SENSCOT MEMBER’S BULLETIN No. 174, THURSDAY 17th APRIL 2003
Dear Members and friends
Business lunch in Glasgow restaurant with Tom. My invitation
– ‘to explore a joint venture’. But it’s not going well. I seem to be trying
too hard – reading wrong messages. “I recognise your accent,” I say to
waitress, “You’re from Argyllshire, aren’t you?” “New Zealand.” she replies.
Then I vigorously slag some character – turns out to be Tom’s pal. Finally, unknown
to me, someone has ordered capital items with office visa. “Your card has been
refused,” says the waitress. “Don’t worry,” Tom mumbles, taking out his own
card, “You can get the next one.” Both know – v. unlikely.
back to Queen St – guy of about 40 is sitting on the pavement in sunshine –
quite smartly dressed – leaning against wall, feet outstretched, can of
Carlsberg Special between his legs. He’s got a buzz on – looks so happy. “Hey,
big man,” he calls, “Gonna give me some money – I’m skint?” Stop and give him a
pound – for his candour. “This is what happens when you get married,” he
smiles. “Aye – it’s always her fault, “ I say sarcastically. “I swear on my
bairns’ life – she put me out for nothing.” “You shouldn’t swear on your
bairns’ life,” I say. He just smiles wickedly “They never die anyway” he says.
I spoke recently with the directors of Scotland’s housing
associations. With capital assets last year of £5.26 billion, the 186 HAs represent
a substantial sector all on their own, delivering an invaluable public service.
From a wider regeneration perspective the community-based HAs are uniquely
placed to become engines of social enterprise. They have proven capacity in
acquiring and developing assets under community control; they run businesses
generating surpluses in accordance with social aims; many have investment
capital in reserve funds. This raises important questions. Do housing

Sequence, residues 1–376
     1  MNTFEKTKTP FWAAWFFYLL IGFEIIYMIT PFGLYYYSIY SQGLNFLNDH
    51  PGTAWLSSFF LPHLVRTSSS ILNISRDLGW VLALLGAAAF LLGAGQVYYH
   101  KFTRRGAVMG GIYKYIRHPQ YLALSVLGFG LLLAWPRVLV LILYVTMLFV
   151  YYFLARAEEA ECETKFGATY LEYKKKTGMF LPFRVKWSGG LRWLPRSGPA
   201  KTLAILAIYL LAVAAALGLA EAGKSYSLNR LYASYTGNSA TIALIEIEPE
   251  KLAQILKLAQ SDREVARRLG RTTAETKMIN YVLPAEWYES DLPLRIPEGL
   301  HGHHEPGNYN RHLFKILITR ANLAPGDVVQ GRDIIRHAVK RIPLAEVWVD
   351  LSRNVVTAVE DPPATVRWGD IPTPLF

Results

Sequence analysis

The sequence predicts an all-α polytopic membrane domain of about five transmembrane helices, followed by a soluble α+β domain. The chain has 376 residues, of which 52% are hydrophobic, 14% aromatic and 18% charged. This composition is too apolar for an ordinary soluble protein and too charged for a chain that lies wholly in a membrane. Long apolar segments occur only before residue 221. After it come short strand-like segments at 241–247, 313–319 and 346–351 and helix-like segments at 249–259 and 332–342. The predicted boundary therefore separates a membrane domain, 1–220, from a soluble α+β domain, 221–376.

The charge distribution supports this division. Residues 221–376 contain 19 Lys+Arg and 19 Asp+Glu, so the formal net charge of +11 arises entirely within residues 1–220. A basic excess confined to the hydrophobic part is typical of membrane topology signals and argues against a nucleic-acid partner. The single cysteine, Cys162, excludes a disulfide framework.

associations see social enterprise as an opportunity – an appropriate activity
for them and their communities? Do they want to be part of the bigger social
economy picture? Member Eddie Harkins’ article in March’s Housing magazine
looks at this issue in some depth: http://www.senscot.net/LD/articles/ComServHark(15.04.03).asp.
There is increased understanding, particularly south of the
border, that the normal loan products churned out by banks are not suitable for
most social enterprises – particularly those in transition from grant
dependency to a business operation. A new type of hybrid is evolving, combining
elements of grant-making and commercial lending. A good article this week in
‘Regeneration’ talks about such packages involving repayment terms and levels
of business support unheard of in the commercial sector. (http://www.senscot.net/LD/articles/NewTricks(16.04.03).asp).
An enterprise with only a 50/50 chance of success may still get a loan from
CAF’s ‘Venturesome Fund’ if its mission is considered worthwhile. Also the
‘Adventure Capital Fund’ will in some cases accept re-investment back into the
community rather than full financial repayment.
These innovative financial products reflect a high level of
political support for social enterprise in England, but the socially excluded
(poor people) don’t have as high profile champions, and less energy and
ingenuity is expended on their needs. But unscrupulous lenders who go round the
doors offering loans at interest rates which should be illegal, could in future
face competition from ‘friendly, affordable’ loan companies specialising in
deprived areas. This is the idea behind a community loan scheme being planned
in Hackney, London, by social enterprise Bootstrap Enterprises and the
community-led Environment Trust. More on the story: http://www.senscot.net/LD/articles/FriendlyLoan(16.04.03).asp
If they win the election in 2 weeks the SNP have pledged to
abolish Communities Scotland and divert the £96m to tackle child poverty.
That’s all we need! Over 2 years to appoint staff, and then abolished. The
Labour party manifesto is focussing on crime and anti-social behaviour, with
the emphasis on young ‘neds’. In fairness to McConnell, he didn’t think that up
last week. He has spoken for some time about this very real problem in
Scotland’s poorest estates. When Johann Lamont, MSP for Pollock, arranged a
public meeting on the subject, 1000 local people attended – that’s extraordinary.
But when feelings run high it’s too easy to react – when we need to respond.